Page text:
Have you noticed how one word can suddenly become pre-eminent in the IT industry? In the 1980s everyone talked about ergonomics. In the 1990s there were times when everything was open. Then there was the time where the industry put the letter “e” before every word. More recently you could not see an IT advert without some reference to agility or infrastructure in it. I mention all this because after a series of visits to CIOs in Auckland and Wellington I have a premonition that the word “simple” will soon be the buzz. The word came up in a number of these conversations. My feeling was that it reflected a counter-reaction to a previous tendency for ICT to delight in complex perfectionism. There once was a time when it seemed the objective of the industry was to highlight to outsiders how little they comprehended the intricacies of ICT. The underlying message seemed to be: “Leave it to the experts”. Today the reality is that business is not quite so easygoing. If it appears too complex then many executives imagine someone is trying to pull the wool over their eyes. I strongly suspect that it is such conclusions that have led organisations into the arms of the outsourcers.
In many ways I equate simple computing as a response to such outsourcing pressures. If vendors can convince executives that the answers to their ICT problems are simple then CIOs are left with no choice but to respond in similar language. Vendors of course are masters of selling and lesson one in every sales manual is the KISS principle or keep it simple, stupid. This stresses that, however complex a solution, it needs to be articulated in a way that others can comprehend.
The challenge for many CIOs is that simplicity sometimes runs counter to their own professionalism. IT's challenges are frequently complex. Take for example business intelligence projects. More often than not they require a lot of unglamorous behind-the-scenes work on agreeing to data definitions and cleansing imprecise records. Yet all business wants to do is to interrogate the data to answer key questions. How do users explain the time required before users will have that luxury?
From my observations, there are two tactics successful CIOs deploy to overcome these challenges. Firstly, it is important to break projects down into smaller chunks that get some runs on the board more swiftly. One CIO in InTEP always makes a point of having some high profile short-term project on the go at any one time. He feels that these satisfy a natural business impatience for results. Secondly, I reckon CIOs need to seek analogies to help users understand their challenges. For example the task of data definitions could be compared to the challenge of defining what someone means when they talk about football. Until you do that you cannot answer a question on how many people in New Zealand play football.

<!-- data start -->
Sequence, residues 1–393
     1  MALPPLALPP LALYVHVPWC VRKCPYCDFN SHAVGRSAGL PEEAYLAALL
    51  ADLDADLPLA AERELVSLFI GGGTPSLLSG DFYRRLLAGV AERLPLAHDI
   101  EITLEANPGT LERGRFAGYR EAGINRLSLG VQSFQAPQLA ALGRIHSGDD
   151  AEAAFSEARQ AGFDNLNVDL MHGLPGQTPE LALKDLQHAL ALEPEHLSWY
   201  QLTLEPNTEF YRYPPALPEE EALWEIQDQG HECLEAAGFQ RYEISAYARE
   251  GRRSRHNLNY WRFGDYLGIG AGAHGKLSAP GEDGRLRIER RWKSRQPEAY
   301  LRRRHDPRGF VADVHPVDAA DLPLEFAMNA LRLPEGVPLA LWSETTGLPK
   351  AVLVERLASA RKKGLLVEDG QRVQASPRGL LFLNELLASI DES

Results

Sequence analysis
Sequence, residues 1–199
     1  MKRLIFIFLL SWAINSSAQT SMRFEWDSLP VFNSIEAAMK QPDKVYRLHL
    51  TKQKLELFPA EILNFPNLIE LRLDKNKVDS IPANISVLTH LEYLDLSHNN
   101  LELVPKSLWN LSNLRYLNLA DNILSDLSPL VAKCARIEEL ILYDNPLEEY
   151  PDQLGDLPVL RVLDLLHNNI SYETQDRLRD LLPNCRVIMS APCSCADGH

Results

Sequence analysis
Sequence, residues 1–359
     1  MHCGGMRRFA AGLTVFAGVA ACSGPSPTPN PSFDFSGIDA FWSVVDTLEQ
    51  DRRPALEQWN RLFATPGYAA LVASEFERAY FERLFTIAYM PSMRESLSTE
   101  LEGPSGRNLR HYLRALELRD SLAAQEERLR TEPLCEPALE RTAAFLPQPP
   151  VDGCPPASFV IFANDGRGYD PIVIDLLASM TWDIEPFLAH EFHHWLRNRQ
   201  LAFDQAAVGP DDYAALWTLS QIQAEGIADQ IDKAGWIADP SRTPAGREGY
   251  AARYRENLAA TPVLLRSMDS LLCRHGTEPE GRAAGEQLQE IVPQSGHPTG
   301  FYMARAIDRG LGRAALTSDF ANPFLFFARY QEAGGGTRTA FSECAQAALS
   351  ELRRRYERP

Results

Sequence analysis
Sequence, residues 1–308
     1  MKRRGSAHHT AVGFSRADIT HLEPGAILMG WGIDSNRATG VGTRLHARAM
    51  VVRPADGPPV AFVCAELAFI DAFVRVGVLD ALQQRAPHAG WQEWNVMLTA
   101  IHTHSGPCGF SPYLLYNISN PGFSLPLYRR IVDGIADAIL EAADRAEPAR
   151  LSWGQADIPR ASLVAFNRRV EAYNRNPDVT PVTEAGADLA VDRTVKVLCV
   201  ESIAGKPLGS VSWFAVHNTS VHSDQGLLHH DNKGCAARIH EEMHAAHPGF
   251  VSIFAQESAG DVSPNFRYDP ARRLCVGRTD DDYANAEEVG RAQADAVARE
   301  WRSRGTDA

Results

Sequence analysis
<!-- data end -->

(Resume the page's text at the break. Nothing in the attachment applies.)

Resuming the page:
There is another aspect to simple computing. It is to avoid using a sledgehammer to crack a nut. The all-embracing comprehensive solution may be the ideal one. Yet in a dynamic and turbulent business world the time, cost and energy required to deliver might well be inappropriate. In the spirit of the 80/20 rule, near enough could well be good enough. The end solution may be imperfect and alien to the professionalism of many CIOs. However, in many instances businesses are usually able to live with them. After all they are paying the money.
For my own part, I see the simple concept as a step in the right direction. It ensures ICT projects are understood by the business. It addresses a need to recognise how ICT investments are benefiting the organisation. It represents a pragmatic avoidance by CIOs of a pursuit for technological nirvana. It is about aligning IT to the business drivers, the number one issue currently identified by New Zealand CIOs. All in all, I have little doubt that we shall be hearing a lot more about simple computing in the years ahead.
Peter Hind is a consultant for IDC and assists the Australian Computer Society in policy developments. He also heads the InTEP CIO gatherings in New Zealand and Australia. You can reach him at email@example.com.
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